Update: This post has been updated to reflect AT&T confirmed that it too would offer exchanges.
Via: 9to5 Google
T-Mobile has announced it is extending its free unlimited high-speed data travel promotion throughout South America and 19 European countries until the end of 2016.
Simple Choice and T-Mobile ONE customers will be able to text and use data at the fastest available roaming speeds up to 4G LTE at no extra cost between October 1 and December 31.
Armenia, Austria, Croatia, Denmark, Estonia, Germany, Iceland, Ireland, Italy, Latvia, Lithuania, Netherlands, Portugal, Russia, Serbia, Spain, Sweden, Ukraine, U.K.
South American Destinations:
Argentina, Bolivia, Brazil, Chile, Colombia, Easter Island, Ecuador, French Guiana, Guyana, Paraguay, Peru, Suriname, Uruguay, Venezuela
Tags: T-Mobile, Europe, South America
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One teen may have just achieved the dream of every cost-conscious wireless user: free, no-strings-attached mobile data. High school student Jacob Ajit claims to have discovered a trick that gets you all the T-Mobile data you want by using a proxy server. Reportedly, T-Mobile doesn’t block sites with “/speedtest” in the address when you’ve run out of data on prepaid service. If you use the proxy to make it look like every site link has that text, you can surf to your heart’s content at no charge beyond what it cost to get the SIM. Before you ask: sorry, folks, Ajit’s proxy is down.
We’ve asked T-Mobile about the workaround, and we’ll let you know if it can verify its authenticity and say what it’s doing in response. With that said, Ajit is quick to acknowledge that his technique’s effectiveness is likely short-lived at best. It’d be trivially easy for the Uncarrier to restrict access, and it won’t be surprising if the hole is completely closed by the time you read this (assuming it was truly open to begin with). You’d also need the wherewithal to set up and use a proxy in the first place. Look at it this way, though: if nothing else, the stunt shows that even big telecoms make simple mistakes.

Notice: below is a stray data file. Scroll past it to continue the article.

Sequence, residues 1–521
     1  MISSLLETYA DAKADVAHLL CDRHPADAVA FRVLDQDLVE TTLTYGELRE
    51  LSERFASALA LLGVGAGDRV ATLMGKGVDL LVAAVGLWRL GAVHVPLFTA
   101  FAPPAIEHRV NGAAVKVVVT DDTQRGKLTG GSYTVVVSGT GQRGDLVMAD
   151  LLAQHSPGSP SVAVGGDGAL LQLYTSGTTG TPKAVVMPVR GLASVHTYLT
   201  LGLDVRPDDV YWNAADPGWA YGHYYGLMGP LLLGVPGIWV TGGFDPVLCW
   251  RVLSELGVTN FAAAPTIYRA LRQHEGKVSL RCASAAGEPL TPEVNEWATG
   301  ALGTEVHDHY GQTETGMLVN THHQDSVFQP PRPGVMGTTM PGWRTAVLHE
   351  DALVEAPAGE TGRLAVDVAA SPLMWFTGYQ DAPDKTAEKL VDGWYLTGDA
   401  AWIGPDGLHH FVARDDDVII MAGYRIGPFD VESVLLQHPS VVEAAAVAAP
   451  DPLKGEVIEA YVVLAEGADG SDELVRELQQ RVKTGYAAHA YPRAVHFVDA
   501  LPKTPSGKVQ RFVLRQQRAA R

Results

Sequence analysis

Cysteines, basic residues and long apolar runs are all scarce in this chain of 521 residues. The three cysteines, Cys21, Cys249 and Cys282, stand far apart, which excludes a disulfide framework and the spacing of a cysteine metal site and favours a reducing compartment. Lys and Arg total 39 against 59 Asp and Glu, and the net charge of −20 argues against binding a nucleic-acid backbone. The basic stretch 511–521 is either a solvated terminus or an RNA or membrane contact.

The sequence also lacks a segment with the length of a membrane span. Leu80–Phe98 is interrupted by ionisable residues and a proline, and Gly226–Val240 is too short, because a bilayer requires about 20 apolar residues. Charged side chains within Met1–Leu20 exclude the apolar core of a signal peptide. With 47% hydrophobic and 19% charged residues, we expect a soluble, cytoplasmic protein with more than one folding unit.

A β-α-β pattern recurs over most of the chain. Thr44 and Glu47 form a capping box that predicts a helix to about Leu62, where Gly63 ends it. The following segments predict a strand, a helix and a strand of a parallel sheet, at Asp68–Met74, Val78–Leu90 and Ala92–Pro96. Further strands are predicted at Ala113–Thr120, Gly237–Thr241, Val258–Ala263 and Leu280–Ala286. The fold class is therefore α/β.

Via: Ars Technica
Source: Jacob Ajit (Medium)
T-Mobile issued a stern warning to its customers against downloading and installing the new iOS 10 update to their existing 6, 6 Plus and SE iPhone models. According to the T-Mobile website, doing so will, cause the handset to “lose connectivity [to the T-Mobile network] in certain circumstances.” Once that happens, the user can only re-establish their network connection by fully powering down the phone and restarting it. That said, the company does expect Apple to push a corrective patch live within the next 48 hours.
T-Mobile CEO John Legere says T-Mobile customers who own an iPhone 6, iPhone 6 Plus, or iPhone SE should not install Apple’s iOS 10 update, released on Tuesday. According to Legere, iOS 10 is causing those three iPhone models to lose connection to the T-Mobile network.
Legere’s comments come following customer complaints that started circulating following T-Mobile’s latest carrier update, 25.1. It was initially believed the problem was the carrier update on T-Mobile’s end, but Legere says that’s not the case.
Apple is working to resolve the issue with iOS10 for @TMobile customers. Don’t download iOS10 if you currently use an iPhone 5SE, 6 or 6+